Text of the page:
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Signs and symptoms of menopause

Hormone levels dropping can cause all sorts of symptoms for women. About 85% of women experience some symptoms as they approach and transition through menopause. Most symptoms last for about 4 years from your last period, but one in every 10 women experience them for up to 12 years from the start of perimenopause to the end of menopause [1]. There are many different symptoms linked to menopause - here, we explain what some of the most common are. We don't cover them all symptoms here - only the most common. It's important to know that there are lots of services and products that can help you along your journey.

Physical symptoms

Hot flushes and night sweats

These are the 'mothers' of the menopausal symptoms - affecting up to 70% of women in Western cultures [2]. Hot flushes are when women experience an overwhelming sensation of extreme heat that washes wash over their body. There's often very little warning that the change in temperature is coming. The intense heat often causes the skin to flush. Night sweats are hot flushes that happen at night - which can leave women waking up soaked in sweat.

Like all symptoms, their severity differs from one person to the next. We've spoken to women who have really bad hot flushes and night sweats and others who only experience them mildly.

Vaginal symptoms

As oestrogen drops the structure of the genitals can change. Lower oestrogen causes the vaginal walls to become thinner. The pH of the vagina also increases - which allows bugs to grow causing infections. The natural secretions your vagina produces will also reduce as oestrogen drops. This means less lubrication down there! Such changes can lead to feelings of itching, burning and pain when you pee.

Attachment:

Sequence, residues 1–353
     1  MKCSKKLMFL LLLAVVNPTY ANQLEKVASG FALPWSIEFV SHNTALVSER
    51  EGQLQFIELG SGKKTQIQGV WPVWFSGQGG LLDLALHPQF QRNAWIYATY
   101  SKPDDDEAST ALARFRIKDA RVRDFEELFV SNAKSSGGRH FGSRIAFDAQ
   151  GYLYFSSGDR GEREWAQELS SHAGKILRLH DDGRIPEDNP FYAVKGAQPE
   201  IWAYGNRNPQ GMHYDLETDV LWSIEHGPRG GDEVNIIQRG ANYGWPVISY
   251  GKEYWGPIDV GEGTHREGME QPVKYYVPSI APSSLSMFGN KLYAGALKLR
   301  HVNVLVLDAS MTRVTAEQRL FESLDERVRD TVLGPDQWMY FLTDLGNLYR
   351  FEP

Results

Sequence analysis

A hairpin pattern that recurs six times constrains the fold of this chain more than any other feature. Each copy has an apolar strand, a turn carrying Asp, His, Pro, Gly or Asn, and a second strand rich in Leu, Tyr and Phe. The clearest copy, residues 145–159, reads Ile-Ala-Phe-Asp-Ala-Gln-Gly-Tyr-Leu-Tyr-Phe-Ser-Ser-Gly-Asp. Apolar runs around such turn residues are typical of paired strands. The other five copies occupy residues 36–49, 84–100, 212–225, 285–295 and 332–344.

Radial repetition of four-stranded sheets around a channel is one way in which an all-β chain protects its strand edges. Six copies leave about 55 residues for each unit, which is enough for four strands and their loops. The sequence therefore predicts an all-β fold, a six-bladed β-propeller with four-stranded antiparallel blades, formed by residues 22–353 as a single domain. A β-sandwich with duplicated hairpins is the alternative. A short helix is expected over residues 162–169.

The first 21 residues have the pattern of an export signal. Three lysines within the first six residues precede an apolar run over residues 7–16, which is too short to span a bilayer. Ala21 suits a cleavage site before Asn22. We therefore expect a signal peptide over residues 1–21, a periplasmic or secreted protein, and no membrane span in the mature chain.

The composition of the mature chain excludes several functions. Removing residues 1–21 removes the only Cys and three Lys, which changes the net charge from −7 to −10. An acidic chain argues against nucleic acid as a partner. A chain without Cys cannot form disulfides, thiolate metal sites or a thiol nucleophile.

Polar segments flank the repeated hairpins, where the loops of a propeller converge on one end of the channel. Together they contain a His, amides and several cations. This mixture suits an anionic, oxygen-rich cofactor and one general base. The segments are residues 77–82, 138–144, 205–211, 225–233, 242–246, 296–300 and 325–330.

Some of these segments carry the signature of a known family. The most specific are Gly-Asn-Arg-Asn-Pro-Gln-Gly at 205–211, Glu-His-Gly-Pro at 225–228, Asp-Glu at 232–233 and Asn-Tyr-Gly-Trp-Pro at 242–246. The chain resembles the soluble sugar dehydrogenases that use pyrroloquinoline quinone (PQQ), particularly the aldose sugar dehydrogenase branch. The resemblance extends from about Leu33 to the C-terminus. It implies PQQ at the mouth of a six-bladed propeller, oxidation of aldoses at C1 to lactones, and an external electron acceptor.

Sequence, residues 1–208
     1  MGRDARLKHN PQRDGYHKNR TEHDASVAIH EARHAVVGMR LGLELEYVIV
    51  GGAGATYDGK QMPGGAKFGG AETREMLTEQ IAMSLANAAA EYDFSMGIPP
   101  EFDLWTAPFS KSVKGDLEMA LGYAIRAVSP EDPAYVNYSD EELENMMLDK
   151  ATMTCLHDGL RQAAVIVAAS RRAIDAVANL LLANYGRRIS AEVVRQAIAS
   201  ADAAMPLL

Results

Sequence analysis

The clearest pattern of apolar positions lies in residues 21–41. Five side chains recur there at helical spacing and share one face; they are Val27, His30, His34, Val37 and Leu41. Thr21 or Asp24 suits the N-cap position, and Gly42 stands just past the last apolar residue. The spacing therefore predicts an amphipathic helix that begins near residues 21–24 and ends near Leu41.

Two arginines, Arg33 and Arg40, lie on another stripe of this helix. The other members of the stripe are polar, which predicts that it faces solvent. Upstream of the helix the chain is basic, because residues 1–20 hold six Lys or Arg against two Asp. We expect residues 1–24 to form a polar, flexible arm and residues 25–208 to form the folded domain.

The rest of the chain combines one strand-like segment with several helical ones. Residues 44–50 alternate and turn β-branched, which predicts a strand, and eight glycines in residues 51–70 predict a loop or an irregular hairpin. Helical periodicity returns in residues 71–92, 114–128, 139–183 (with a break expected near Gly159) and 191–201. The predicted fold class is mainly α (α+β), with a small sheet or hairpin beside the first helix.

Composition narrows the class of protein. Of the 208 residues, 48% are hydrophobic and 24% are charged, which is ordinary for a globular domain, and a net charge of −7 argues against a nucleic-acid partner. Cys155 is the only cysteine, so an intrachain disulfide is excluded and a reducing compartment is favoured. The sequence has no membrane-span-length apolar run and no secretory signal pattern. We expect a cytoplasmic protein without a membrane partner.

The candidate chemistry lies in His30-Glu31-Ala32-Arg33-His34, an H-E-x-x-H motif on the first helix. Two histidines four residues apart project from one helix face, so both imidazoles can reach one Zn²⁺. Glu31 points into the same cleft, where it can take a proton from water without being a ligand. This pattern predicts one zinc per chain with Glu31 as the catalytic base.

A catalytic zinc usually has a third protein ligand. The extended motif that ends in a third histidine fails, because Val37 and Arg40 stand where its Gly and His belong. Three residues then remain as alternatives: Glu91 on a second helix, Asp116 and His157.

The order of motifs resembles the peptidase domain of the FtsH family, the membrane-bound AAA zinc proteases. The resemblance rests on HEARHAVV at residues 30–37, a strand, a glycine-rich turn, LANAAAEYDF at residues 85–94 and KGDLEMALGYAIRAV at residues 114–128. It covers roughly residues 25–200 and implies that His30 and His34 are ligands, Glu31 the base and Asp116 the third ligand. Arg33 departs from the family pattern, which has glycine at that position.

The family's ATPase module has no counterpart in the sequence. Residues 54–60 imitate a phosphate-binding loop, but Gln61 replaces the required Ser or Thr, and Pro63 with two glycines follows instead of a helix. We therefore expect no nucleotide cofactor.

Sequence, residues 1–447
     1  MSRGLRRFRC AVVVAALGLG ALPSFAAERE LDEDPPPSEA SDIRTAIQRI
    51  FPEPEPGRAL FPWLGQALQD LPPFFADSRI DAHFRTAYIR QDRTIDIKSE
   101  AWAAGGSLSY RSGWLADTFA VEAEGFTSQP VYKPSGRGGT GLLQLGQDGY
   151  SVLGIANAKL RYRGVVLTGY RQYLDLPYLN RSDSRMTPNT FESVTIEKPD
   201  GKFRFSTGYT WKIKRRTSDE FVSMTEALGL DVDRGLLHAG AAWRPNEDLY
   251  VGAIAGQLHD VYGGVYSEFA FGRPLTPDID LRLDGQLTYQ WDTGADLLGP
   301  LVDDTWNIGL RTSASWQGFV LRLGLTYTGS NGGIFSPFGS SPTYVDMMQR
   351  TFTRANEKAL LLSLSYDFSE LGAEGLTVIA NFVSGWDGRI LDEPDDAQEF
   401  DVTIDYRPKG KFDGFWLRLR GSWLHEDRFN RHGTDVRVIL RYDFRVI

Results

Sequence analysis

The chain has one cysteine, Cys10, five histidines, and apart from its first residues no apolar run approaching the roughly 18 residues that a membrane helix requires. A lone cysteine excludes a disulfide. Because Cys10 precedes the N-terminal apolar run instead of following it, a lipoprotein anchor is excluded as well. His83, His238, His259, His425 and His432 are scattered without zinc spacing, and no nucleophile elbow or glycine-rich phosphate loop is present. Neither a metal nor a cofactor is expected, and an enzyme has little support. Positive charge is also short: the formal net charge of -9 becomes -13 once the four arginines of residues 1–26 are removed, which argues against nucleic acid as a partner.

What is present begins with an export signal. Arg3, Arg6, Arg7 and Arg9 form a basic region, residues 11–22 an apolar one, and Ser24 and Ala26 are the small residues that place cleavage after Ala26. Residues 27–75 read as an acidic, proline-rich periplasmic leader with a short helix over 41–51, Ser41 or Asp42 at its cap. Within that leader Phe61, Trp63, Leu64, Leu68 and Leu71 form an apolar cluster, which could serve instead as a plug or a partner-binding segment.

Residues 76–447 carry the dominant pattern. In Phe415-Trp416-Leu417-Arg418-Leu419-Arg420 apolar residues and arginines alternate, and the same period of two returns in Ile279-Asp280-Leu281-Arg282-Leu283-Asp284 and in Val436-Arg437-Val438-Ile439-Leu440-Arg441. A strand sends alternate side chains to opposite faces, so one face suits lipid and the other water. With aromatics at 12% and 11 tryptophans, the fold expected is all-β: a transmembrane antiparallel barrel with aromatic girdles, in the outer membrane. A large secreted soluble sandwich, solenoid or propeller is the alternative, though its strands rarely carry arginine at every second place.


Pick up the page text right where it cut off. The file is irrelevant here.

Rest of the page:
These changes are common - with up to 40% of women experiencing some vaginal symptoms. Yet, only half of those suffering seek help! Don't be embarassed to tell your health practitioner about your symptoms - it's the only way they can help!

Low libido

Low sex drive is a common complaint as women approaching menopause. Decreasing sexual appetite is completely normal - sex drive actually decreases with age for men and women. The drop is is more pronounced in women though.

Sex drive can change in women for hormonal or non-hormonal reasons. As oestrogen drops, the vaginal wall gets thinner and produces less lubrication. This can lead to painful sex, or a decreased desire because sex feels less pleasurable. Non-hormonal factors that impact sex drive include poor relationships, lack of sleep and stress.

Many women want a healthy sex drive into their 70s - so it's important not to ignore changes in sex drive. There are lubricants to make sex easier, and steps you can take to improve your mental health. Don't suffer in silence.

Dry skin and hair

One of oestrogens effects in the body is that it boosts our production of collagen. Collagen is an important protein that makes up our skin and nails. When levels of oestrogen fall collagen levels will drop too. This can cause skin to become dry and flaky and hair to become dry and brittle.

Don't worry though - there are plenty lifestyle changes you can make to support healthy skin and nails. There are also products to help reduce dry skin and flakiness.

Headaches